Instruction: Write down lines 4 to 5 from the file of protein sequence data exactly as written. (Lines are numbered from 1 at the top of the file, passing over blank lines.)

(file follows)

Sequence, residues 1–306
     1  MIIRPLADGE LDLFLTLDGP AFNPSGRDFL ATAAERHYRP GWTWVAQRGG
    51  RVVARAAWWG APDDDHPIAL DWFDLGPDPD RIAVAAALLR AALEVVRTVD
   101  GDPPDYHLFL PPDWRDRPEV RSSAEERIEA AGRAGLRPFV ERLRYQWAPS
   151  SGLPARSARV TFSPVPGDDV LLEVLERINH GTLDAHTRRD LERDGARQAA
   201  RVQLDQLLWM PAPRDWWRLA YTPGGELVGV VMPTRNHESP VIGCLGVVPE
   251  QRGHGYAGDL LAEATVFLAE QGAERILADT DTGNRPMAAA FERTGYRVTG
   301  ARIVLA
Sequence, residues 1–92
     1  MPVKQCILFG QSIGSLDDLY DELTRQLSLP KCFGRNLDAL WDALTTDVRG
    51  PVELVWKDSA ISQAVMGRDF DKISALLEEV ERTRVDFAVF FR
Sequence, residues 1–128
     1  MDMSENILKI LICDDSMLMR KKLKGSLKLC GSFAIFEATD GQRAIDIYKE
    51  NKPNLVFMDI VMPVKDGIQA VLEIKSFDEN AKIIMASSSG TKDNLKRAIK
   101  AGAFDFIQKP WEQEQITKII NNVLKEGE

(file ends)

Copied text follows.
   101  GDPPDYHLFL PPDWRDRPEV RSSAEERIEA AGRAGLRPFV ERLRYQWAPS
   151  SGLPARSARV TFSPVPGDDV LLEVLERINH GTLDAHTRRD LERDGARQAA